Many in the legal profession think they are immune from targeted cyber-attacks like those experienced by Sony, Home Depot and Target last year. After all, what does a law firm store on its servers that anyone would be interested in?
Sure, there have been a few reports of digital snooping of law firms over the years. A small firm was hacked two years ago, resulting in millions of trust fund dollars going missing. Just this past December 31st, a BC law firm’s data was held for ransom unless they paid the hackers. According to a Law Society of BC notice, some of the workstations at the law firm had notices pop up saying “Your files were encrypted and locked with a RSA2048 key” and demanding that payment be made within 12 hours, after which, the ransom amount would increase. The message also threatened to destroy all data if payment wasn’t received within 30 days. The firm managed to remove the hack and recover their data from backups, but the interruption in accessing their data was not appreciated.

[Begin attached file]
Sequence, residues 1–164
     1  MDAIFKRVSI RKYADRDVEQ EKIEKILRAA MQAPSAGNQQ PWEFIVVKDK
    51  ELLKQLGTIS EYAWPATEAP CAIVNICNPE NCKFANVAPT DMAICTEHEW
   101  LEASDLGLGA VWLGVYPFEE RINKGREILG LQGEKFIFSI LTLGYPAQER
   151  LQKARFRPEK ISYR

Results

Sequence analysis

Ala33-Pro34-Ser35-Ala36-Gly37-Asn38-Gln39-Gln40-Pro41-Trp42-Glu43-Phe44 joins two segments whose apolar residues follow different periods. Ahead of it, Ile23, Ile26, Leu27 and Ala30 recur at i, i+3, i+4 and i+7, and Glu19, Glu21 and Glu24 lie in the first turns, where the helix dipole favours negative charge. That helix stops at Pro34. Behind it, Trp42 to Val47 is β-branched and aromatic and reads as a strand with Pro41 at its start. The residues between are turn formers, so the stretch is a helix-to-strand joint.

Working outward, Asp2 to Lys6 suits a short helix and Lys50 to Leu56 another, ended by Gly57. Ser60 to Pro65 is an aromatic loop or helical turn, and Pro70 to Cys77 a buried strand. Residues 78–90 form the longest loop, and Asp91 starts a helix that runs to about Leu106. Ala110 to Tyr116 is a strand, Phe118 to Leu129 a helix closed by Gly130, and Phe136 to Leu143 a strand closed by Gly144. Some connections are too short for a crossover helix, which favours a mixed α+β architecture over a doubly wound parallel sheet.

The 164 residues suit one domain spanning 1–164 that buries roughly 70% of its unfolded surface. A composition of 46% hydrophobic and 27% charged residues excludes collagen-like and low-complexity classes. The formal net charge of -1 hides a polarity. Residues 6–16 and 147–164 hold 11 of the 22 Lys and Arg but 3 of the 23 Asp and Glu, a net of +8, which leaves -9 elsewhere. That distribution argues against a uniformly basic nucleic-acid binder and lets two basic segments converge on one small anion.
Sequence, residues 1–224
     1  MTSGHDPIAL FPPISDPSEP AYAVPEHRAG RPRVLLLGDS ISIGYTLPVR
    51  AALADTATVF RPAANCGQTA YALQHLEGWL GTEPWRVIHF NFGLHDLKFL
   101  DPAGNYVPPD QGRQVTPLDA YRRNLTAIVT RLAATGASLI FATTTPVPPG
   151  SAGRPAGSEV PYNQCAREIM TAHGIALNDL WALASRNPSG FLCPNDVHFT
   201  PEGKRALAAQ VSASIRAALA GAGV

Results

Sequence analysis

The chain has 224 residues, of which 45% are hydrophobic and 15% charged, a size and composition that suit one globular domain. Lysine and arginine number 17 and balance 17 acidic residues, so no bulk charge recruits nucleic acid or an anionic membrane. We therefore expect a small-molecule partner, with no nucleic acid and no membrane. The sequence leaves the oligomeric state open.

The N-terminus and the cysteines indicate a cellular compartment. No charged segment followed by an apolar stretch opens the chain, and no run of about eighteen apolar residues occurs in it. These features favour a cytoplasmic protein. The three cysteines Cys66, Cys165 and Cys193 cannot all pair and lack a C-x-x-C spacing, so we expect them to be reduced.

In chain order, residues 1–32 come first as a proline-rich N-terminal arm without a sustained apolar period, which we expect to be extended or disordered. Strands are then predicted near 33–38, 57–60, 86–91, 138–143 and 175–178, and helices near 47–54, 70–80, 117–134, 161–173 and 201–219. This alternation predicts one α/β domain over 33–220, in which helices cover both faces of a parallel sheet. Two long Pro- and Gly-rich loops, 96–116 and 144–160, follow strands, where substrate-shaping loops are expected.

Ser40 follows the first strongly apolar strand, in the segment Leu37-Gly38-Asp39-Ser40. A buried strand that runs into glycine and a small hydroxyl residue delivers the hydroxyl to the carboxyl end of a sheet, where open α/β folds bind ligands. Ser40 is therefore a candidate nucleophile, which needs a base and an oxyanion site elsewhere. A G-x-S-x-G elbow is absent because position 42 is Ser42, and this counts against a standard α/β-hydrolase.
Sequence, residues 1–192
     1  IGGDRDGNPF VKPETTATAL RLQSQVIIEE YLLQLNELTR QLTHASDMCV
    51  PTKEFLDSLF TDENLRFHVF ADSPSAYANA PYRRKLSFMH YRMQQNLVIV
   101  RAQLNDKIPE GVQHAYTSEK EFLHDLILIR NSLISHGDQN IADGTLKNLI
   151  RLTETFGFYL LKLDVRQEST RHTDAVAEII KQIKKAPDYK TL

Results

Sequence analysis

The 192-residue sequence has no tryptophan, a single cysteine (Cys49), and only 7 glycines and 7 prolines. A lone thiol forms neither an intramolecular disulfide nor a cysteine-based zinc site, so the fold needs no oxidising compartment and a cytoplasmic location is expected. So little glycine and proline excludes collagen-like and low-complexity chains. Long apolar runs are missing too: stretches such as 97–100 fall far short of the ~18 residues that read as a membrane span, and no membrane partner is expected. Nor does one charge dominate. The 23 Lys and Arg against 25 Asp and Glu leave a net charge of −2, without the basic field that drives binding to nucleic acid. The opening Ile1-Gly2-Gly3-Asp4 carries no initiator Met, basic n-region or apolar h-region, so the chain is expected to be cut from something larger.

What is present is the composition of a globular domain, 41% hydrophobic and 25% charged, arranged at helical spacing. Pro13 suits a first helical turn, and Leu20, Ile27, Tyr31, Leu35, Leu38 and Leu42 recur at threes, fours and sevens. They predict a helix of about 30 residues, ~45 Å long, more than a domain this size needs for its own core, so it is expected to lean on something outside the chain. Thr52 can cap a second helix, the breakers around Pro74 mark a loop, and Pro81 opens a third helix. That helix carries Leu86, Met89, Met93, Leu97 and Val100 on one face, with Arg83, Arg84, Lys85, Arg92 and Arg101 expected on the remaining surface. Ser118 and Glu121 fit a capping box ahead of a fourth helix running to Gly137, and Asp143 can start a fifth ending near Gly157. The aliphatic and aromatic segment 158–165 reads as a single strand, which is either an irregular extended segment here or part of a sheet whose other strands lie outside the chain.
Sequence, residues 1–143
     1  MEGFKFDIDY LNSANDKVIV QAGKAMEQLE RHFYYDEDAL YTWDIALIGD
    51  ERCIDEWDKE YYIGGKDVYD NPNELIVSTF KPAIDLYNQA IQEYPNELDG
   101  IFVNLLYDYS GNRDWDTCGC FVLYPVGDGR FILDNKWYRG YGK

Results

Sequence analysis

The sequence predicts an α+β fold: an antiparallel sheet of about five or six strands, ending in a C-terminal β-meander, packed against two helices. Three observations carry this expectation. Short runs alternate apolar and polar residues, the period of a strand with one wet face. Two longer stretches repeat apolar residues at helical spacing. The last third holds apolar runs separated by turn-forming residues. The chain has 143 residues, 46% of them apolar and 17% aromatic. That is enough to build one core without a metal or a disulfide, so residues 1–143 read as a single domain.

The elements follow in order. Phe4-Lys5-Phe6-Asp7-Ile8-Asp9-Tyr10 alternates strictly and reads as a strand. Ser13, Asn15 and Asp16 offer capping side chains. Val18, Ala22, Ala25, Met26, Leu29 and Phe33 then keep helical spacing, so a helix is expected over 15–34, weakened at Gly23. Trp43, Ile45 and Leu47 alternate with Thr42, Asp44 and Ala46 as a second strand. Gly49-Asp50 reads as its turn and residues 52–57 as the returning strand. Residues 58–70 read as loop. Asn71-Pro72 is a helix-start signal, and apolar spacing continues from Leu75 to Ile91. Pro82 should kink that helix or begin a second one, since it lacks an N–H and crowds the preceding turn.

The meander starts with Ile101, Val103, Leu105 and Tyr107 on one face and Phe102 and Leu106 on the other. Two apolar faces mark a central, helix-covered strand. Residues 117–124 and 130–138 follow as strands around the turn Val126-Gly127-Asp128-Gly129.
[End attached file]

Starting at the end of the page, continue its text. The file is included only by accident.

Despite occurrences like these, for most firms, cyber security just isn’t high on the partner’s radar. As reported byComputerWeekly.com in December, the number of cyber-attacks in 2015 is expected to exceed any previous year. Now is the time to address this issue and make sure your law firm is not the next one in a Law Society bulletin or on the front page of the Law Times.
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